CHI or QI means Life Force.  It is evoked by the intentful integration of body and mind.

Tai Chi Chaun or the Supreme Ultimate Fist is a mind-body practice. Tai Chi is considered a soft or internal form of martial art.

The breath, mind and movements are coordinated. The movements are usually circular and never forced, the muscles are relaxed rather than tensed, the joints are not fully extended or bent, and connective tissues are not stretched.

In Traditional Chinese Medicine, the combination of Yin and Yang creates a dynamic inner movement to move chi and blood flow to elicit a natural state of self-healing to help correct health imbalances.

The practice of Tai Chi as ‘meditative movement’ is expected to elicit functional balance internally for healing, stress neutralization, longevity, and personal tranquility.

The art has been associated with reduced stress, anxiety,depression and enhanced mood, in both healthy people and those with chronic conditions.
     Tai chi can be easily adapted for anyone, from the most fit to people confined to wheelchairs or recovering from surgery.

“What about the form, how can you do that, “she asks?

I sit up tall in the chair and move my arms as if I were doing the form and in my mind I feel as though I am.  When I complete the form I am relaxed and find that it is easier to breathe. I explain that if even for just that evening I have found inner peace and a feeling of serenity I will sleep better and wake up in a better and more positive state of mind to make it just a little bit easier to continue on my ‘Road to Recovery.’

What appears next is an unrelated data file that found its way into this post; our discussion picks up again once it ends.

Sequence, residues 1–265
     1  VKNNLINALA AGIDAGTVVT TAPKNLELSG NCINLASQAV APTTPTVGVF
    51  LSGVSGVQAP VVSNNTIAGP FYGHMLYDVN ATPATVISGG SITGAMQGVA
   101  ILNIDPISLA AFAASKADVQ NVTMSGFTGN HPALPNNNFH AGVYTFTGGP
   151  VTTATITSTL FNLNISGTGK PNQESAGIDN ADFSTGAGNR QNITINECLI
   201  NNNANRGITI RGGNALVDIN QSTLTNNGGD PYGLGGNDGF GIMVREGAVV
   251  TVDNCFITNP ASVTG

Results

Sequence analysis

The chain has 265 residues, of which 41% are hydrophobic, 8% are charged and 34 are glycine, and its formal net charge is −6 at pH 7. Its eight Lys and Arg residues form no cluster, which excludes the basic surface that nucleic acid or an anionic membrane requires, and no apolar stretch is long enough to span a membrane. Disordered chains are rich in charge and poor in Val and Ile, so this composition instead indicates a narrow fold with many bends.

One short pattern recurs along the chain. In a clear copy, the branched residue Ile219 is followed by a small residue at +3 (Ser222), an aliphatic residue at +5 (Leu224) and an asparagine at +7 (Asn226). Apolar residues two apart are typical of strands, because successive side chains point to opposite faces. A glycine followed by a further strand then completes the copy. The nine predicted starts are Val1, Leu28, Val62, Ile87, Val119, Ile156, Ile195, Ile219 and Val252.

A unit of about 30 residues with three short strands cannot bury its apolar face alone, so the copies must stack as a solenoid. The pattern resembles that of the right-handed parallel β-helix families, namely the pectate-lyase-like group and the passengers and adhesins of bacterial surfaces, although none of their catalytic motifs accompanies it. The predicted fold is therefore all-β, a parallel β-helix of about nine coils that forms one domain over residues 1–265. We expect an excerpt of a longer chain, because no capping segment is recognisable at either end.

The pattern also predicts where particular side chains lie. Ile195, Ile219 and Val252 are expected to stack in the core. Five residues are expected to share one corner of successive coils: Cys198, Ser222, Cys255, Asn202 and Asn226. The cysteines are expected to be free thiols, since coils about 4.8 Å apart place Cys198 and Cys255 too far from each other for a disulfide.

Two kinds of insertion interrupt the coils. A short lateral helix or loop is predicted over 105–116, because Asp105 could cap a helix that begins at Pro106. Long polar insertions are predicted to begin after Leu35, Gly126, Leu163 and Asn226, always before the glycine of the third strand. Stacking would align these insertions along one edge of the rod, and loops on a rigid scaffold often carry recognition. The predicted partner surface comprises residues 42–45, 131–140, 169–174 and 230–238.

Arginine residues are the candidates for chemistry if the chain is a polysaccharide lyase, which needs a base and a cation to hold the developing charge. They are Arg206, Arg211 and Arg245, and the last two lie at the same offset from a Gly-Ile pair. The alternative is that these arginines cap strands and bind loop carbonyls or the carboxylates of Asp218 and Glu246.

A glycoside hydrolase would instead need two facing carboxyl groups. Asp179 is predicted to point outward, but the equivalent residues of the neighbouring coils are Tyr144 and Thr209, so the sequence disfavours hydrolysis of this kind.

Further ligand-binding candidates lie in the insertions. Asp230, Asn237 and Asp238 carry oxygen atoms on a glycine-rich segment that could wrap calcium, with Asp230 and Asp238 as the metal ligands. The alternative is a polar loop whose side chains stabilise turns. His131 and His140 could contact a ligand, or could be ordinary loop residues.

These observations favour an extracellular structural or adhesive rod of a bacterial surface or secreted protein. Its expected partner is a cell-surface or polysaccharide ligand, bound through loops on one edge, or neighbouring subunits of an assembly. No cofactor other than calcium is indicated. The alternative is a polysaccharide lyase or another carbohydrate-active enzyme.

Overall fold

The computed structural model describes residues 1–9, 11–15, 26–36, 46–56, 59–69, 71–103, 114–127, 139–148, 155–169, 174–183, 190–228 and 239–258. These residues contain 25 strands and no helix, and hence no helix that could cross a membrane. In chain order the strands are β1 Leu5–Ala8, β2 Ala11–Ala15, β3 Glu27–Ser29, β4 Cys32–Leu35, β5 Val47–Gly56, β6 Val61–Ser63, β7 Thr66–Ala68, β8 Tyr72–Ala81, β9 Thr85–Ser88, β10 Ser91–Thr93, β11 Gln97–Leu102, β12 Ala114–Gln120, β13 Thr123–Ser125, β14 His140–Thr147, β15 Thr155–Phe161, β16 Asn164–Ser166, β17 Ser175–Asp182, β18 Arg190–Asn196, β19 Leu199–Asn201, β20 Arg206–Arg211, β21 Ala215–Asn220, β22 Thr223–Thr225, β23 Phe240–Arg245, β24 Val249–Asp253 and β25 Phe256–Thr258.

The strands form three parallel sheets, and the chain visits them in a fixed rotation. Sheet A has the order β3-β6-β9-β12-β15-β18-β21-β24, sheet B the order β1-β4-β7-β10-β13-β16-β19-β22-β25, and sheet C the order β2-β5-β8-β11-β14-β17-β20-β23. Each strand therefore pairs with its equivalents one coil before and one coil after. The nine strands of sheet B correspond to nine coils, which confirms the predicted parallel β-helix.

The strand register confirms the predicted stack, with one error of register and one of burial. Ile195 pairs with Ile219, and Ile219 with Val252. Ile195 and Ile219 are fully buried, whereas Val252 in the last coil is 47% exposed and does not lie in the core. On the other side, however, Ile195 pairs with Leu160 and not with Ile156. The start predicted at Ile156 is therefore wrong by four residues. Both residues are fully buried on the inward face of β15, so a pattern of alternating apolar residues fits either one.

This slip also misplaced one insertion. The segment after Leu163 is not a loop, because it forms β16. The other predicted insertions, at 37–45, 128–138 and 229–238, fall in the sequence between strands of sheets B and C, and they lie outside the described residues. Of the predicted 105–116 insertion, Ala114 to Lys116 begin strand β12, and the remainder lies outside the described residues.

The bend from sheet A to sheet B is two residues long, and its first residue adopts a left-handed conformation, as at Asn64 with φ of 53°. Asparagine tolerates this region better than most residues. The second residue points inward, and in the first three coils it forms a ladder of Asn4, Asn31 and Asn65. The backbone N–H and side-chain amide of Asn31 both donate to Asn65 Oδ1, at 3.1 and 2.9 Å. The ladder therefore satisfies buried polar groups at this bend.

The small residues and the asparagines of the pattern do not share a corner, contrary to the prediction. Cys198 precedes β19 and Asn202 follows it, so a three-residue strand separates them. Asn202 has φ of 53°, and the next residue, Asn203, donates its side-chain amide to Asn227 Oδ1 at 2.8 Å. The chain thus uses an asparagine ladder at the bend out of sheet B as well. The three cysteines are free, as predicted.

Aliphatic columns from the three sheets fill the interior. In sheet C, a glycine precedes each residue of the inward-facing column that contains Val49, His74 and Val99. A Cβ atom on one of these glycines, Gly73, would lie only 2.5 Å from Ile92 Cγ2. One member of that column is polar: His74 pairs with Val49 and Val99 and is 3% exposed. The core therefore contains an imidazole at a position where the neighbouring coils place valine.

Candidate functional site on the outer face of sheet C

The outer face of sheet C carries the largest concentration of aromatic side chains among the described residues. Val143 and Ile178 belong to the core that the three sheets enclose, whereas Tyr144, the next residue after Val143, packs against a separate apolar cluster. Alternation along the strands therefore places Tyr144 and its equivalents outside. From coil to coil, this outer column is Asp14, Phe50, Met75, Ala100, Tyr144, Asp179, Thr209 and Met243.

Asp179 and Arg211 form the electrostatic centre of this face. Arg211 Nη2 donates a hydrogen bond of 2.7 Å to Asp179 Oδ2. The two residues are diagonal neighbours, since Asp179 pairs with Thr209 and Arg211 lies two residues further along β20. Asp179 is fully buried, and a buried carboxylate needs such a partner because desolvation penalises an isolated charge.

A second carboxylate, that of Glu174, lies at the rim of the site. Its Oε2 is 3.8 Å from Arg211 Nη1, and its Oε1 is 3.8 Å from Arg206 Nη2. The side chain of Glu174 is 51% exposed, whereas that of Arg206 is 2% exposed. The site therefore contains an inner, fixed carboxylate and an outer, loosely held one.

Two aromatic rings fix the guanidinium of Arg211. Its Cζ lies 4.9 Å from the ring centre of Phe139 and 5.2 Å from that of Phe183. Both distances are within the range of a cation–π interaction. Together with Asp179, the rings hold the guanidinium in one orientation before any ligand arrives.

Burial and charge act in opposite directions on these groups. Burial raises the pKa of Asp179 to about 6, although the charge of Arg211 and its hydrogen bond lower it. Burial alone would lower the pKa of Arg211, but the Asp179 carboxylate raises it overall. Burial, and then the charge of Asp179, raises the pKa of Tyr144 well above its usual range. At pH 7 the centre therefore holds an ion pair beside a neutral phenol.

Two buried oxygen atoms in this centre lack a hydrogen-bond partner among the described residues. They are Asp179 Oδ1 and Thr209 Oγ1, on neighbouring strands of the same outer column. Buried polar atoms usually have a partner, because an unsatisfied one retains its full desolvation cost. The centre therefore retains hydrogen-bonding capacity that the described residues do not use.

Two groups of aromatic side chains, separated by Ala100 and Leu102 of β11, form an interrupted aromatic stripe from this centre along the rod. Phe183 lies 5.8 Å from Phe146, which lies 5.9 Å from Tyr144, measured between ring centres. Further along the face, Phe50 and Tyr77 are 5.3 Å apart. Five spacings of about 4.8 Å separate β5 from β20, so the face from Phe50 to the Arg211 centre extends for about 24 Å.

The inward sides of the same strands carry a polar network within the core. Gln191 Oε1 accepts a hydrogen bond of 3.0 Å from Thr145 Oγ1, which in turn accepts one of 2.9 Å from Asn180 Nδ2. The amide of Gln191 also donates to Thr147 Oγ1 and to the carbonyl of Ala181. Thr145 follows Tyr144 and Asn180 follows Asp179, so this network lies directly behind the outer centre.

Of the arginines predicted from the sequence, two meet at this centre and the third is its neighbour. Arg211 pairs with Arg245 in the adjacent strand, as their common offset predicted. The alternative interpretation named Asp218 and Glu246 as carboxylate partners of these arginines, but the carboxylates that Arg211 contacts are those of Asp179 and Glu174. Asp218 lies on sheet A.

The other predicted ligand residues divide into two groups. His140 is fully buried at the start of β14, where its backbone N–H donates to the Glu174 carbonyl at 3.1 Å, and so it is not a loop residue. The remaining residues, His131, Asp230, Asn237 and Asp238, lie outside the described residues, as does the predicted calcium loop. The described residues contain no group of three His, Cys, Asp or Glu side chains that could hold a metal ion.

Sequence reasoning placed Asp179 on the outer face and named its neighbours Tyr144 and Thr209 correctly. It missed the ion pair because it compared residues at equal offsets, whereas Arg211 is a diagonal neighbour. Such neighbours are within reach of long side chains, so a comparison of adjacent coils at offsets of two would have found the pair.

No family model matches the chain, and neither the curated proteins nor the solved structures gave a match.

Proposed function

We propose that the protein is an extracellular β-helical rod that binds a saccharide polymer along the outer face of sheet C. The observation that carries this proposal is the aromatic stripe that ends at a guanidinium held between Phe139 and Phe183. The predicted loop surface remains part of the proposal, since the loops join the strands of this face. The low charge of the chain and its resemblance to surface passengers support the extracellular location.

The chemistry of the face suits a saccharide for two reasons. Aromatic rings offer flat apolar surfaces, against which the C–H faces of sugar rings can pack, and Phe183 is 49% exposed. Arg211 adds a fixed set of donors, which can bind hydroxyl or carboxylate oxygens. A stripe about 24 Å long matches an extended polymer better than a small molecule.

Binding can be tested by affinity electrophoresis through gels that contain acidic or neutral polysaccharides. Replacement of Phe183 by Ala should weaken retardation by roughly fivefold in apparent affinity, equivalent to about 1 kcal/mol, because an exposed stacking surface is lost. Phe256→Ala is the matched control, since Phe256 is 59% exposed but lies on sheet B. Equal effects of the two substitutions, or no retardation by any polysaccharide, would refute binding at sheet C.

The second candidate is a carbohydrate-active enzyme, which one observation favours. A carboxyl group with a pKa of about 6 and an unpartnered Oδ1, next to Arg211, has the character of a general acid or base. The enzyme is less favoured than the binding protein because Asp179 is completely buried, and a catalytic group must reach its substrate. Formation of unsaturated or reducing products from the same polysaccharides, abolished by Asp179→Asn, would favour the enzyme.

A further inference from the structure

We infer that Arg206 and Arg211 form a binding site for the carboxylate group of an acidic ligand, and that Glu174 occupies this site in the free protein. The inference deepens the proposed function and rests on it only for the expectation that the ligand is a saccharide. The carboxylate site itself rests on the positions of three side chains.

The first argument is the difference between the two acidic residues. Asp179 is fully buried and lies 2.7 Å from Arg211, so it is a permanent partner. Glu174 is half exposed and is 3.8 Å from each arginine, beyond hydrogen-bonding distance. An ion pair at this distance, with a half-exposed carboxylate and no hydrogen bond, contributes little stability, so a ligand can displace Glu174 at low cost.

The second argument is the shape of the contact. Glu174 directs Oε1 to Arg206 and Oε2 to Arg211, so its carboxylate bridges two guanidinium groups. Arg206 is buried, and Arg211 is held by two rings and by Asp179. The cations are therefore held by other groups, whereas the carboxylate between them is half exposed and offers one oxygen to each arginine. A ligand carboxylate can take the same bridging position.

This is ‘meditation in motion’!

Tai Chi Classes are taught at Kung Fu Connection Tuesday and Thursday nights @ 8pm

DO WHAT YOU CAN WHILE YOU CAN’T DO!

GO for Life! ™med bow

In peace, health & with much love,

Joycelyn Bejar
Certified Fitness Nutrition Specialist
Certified Personal Trainer

On the Road to Recovery II- Keeping the Strength at your Core (video post inside)

While I’m still in the transition phase from non-weight bearing to weight bearing, core strengthening and pilates is helping me to rebalance my entire system as I reintegrate myself.

Since exercise progression begins from a supported position Pilates is a great tool to assist me in going from 5 weeks of non–weight bearing to weight bearing, to open chain and later progressing to explosive movements…I’m not there yet.

By aligning my skeletal system, and strengthening my core, I am able to stabilize and move easier by alleviating excess stress on peripheral joints and other areas while I heal.

My limitation here is not to use my glutes and abductors, (butt and outer thighs) So I work around them to keep everything else strong while the affected area heals.  I also keep blood circulating and focus on breathing, this in turn will help speed my recovery.